Prime Minister Jacinda Ardern heavily criticised the way Australia treats New Zealanders living in their country - all while standing next to Aussie PM Scott Morrison.
Ms Ardern had been under pressure to address deportations and the rights of Kiwis in Australia this week.
During a joint press conference in Sydney today, Mr Morrison spoke of the strong relationship between the countries in times of need such as the Whakāri/White Island explosion, the Australian bush fires and the March 15 terrorist attack.
Ms Ardern acknowledged the cooperation during the disasters and attack, but said that "friendships aren’t just reaffirmed in times of tragedy, they must stand up to the test of politics".
"And in the face of politics, the New Zealand and Australia relationship is being tested."
She called New Zealanders "Australia's best migrants".
"But rather than them being given security to keep contributing, in return their rights have been eroded."
She called them "simple rights", and used the examples of people being unable to call on assistance from the national disability insurance scheme - "even though they pay into the scheme’s levy".
They also cannot join the defence force or become federal civil servants.
"Kiwis want to contribute to the place that is now their home. But they’re not being given the potential to do that to the fullest."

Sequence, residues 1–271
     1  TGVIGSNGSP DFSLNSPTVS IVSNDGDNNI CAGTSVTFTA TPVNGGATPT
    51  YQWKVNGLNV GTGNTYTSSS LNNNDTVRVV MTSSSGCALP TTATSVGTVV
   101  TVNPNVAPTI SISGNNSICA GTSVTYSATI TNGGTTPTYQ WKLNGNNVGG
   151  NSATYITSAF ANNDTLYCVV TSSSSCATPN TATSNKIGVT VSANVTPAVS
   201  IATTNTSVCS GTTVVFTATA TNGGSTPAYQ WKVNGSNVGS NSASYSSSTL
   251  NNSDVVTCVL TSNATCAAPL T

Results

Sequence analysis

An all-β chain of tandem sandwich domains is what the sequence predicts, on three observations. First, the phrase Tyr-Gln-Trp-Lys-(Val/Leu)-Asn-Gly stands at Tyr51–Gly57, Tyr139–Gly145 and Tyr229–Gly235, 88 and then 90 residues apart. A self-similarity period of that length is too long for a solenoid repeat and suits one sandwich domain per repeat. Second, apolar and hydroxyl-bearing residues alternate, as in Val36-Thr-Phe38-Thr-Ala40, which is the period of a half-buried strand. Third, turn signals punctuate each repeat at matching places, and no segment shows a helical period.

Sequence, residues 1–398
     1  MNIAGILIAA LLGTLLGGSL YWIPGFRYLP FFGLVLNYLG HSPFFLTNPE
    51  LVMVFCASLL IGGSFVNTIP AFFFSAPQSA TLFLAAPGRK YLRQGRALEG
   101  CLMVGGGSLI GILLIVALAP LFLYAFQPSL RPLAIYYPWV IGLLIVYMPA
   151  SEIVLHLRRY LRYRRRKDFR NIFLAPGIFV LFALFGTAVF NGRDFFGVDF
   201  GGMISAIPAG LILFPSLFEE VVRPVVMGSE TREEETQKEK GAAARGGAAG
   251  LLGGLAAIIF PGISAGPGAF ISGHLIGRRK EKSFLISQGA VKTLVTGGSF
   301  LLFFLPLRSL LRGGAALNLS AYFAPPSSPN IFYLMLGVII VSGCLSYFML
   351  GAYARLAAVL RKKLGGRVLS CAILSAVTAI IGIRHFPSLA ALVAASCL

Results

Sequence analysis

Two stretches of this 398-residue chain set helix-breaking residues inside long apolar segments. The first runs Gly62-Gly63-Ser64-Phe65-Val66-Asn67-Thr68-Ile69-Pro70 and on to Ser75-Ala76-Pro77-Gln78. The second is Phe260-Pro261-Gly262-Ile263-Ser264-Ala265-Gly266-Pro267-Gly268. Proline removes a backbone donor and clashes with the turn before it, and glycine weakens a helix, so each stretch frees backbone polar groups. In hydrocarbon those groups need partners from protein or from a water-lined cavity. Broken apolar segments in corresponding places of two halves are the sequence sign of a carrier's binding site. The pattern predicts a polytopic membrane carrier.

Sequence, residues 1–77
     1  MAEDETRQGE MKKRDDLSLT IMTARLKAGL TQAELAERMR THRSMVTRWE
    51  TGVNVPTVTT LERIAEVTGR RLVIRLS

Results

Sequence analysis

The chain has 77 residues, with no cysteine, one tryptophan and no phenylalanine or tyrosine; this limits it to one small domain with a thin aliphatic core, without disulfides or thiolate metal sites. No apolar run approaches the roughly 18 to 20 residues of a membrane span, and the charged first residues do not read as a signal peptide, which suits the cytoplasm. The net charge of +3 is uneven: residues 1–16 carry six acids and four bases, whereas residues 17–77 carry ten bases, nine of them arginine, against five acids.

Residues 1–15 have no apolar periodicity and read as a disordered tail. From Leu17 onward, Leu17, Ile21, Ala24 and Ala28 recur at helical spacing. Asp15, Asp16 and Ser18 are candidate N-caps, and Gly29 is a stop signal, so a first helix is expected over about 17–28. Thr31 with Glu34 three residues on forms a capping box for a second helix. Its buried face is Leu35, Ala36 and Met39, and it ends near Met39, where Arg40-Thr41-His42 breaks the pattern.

Ms Ardern then moved to deportations.
Australia's 2014 law deports people who commit crimes back to New Zealand - even if they have spent most of their lives living overseas.
"Send back Kiwis, genuine Kiwis - do not deport your people, and your problems.
"We will own our people. We ask that Australia stop exporting theirs."
She spoke of people with a tenuous link to New Zealand being sent here, and finding they have little to no connection to their new homeland.
When asked if the deportation policy was corrosive to the relationship Mr Morrison said, "you commit a crime here, you’re convicted, once you’ve done your time we send you home".
"That policy is framed in Australia’s national interest."
On if he would change the policy, he answered "no".
Ms Ardern then said there were "countless who have no home in New Zealand, they have no network, they have grown up in Australia and that is where they should stay".